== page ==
Natalie Rebot tried reading bedtimes stories to her 3-year-old daughter, but they didn’t hold her interest. So one night mom pulled out her iPhone and used the flashlight mode to create shadow play on the bedroom walls.
The nightly ritual stirred young Chloe’s imagination. The gears in mom’s head started turning, too, and before long, Rebot had designed a smartphone attachment that uses the camera flash to project a story on walls and ceilings.
Such resourcefulness from parents is as timeless as the ritual of bedtime stories, but as a former project team leader for Google, this problem-solver used her tech background.
The result is Moonlite, a mini projector that takes View-Master-like picture cartridges that match stories on a companion app. The words appear on the phone screen, and the story’s illustrations come to life on a wall or ceiling. Sound effects accompany each tale to bring more senses into play. Turn the story reel to the next image and the story advances to the next page on-screen.
While Moonlite has sparked new interest for Chloe in bedtime stories, it has also caught fire on Kickstarter, where backers have pledged more than $190,000 toward its production. Not bad for a campaign that sought just $20,000.
For $35, backers can get a Moonlite starter pack, which includes the cute little glow-in-the-dark projector with two educational story reels. For an additional $10, backers can get a fairy tale pack with the projector and three more story reels (Little Red Riding Hood, Jack and the Beanstalk and The Ugly Duckling).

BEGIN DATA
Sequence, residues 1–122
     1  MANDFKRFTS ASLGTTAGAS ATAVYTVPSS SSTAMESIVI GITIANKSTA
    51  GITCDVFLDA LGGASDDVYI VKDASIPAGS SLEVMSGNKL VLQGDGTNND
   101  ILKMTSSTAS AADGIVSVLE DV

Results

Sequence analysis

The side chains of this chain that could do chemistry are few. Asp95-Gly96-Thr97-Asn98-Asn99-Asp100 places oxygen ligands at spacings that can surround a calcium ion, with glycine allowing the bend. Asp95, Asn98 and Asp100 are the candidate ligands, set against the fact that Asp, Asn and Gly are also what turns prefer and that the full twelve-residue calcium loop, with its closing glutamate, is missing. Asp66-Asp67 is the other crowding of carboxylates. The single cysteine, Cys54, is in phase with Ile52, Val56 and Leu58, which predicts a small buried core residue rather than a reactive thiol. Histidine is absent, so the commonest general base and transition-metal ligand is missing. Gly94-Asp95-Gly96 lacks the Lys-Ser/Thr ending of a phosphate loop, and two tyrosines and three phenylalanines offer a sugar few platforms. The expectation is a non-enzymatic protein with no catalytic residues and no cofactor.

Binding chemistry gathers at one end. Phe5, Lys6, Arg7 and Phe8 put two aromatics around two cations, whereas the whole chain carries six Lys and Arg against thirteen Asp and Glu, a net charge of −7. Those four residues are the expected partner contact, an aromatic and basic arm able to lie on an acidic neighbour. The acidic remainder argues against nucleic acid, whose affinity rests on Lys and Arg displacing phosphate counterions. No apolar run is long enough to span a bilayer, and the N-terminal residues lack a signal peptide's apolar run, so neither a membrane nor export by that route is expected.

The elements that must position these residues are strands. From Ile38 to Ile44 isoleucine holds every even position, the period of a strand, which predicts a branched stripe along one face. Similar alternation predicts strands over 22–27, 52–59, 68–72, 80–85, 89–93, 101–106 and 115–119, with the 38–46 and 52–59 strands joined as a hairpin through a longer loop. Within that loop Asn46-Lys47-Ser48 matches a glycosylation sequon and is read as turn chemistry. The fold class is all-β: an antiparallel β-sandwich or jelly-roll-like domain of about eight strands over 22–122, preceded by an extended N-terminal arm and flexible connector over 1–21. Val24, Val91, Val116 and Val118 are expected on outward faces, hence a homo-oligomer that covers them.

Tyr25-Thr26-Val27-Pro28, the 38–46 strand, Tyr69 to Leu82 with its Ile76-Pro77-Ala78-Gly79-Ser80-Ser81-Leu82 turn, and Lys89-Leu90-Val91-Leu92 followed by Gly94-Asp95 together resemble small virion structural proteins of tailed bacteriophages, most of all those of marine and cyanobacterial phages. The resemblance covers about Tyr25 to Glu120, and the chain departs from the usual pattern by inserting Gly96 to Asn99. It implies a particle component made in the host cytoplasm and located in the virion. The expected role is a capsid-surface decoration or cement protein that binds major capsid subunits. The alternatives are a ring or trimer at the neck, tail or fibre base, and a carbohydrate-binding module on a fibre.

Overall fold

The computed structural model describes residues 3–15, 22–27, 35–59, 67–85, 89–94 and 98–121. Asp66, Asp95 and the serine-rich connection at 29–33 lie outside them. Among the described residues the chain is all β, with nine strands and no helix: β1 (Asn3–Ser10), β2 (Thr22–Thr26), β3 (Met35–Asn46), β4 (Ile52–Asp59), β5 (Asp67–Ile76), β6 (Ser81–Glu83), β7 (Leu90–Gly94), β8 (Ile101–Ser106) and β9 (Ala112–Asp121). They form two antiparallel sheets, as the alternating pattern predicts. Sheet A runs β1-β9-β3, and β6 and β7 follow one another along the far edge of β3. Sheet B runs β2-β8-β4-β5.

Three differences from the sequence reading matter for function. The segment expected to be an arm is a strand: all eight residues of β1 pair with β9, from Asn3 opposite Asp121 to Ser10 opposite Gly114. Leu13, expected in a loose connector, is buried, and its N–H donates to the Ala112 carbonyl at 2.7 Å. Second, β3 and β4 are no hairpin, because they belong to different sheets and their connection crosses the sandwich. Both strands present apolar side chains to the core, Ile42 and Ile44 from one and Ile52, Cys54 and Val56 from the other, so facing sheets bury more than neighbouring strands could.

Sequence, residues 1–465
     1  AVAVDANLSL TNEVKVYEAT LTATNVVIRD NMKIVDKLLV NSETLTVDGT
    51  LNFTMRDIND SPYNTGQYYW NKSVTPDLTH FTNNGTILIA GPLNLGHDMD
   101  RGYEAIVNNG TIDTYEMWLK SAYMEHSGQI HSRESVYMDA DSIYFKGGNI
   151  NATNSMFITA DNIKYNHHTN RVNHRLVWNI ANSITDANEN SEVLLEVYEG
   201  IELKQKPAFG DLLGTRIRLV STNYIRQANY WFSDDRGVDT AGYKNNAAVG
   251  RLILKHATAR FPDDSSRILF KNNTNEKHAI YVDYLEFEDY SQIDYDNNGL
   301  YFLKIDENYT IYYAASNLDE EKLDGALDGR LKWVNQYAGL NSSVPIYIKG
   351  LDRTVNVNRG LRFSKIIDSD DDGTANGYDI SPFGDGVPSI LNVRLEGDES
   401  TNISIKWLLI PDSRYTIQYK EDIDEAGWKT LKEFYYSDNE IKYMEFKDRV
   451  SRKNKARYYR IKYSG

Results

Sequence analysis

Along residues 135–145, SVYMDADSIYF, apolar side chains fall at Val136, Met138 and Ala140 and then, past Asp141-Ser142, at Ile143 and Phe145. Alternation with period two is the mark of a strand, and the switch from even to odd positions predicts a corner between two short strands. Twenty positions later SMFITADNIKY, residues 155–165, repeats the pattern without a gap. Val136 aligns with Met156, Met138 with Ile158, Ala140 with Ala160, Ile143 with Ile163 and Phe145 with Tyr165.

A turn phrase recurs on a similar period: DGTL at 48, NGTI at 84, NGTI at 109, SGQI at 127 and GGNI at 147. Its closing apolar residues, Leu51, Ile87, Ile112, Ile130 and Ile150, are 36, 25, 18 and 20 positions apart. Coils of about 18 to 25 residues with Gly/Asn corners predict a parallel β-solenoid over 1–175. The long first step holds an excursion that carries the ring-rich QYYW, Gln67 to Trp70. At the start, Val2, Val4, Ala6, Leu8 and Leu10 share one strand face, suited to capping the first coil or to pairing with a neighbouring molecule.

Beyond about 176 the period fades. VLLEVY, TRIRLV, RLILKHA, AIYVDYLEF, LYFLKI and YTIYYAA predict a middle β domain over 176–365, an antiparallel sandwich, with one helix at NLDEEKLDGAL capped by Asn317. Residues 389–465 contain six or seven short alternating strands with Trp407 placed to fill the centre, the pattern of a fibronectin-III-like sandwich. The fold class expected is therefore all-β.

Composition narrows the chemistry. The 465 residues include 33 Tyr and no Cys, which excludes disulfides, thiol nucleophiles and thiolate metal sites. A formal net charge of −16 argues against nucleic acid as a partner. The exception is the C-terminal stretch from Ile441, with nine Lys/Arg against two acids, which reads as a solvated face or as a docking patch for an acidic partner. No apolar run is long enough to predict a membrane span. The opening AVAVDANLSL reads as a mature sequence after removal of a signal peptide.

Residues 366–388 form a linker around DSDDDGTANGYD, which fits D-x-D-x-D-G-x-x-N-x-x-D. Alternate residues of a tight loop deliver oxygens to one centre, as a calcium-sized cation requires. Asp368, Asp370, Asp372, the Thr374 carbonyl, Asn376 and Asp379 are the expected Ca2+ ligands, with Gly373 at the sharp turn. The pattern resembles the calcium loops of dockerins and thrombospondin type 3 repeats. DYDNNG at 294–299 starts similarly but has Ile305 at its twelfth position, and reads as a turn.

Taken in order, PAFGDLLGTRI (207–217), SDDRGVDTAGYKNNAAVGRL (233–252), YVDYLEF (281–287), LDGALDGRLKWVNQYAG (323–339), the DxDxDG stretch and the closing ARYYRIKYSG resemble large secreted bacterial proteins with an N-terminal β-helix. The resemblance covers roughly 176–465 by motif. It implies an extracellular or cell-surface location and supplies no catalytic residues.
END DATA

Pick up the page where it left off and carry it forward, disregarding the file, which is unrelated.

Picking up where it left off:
Rebot hopes to get Moonlite shipped by April. Six days remain in the Kickstarter campaign.
Moonlite will work with iPhone 6 and up, as well as Samsung Galaxy phones (starting with the 6s). There are currently seven story reels, but more stories, availability in different languages and support for other devices are in the pipeline.
Rebot said her daughter preferred creating her own stories while the two made shadow animals by the beam of her iPhone flash.
“The look in her eye as she was gazing at these shadows was incredible to witness,” Rebot said. “It was magic to her and I was the source of this magic. I knew there had to be a way to improve this and make it even more magical.
“I pretty much scoured the internet and couldn’t find anything that would do what I was looking for, so like any diligent engineer, I decided to make something myself.”
Rebot tells prospective backers that the prototype was a hit with Chloe, now 4, who has a renewed interest in reading as a result. Rebot holds a bachelor’s in software engineering, an MBA and spent seven years with Google.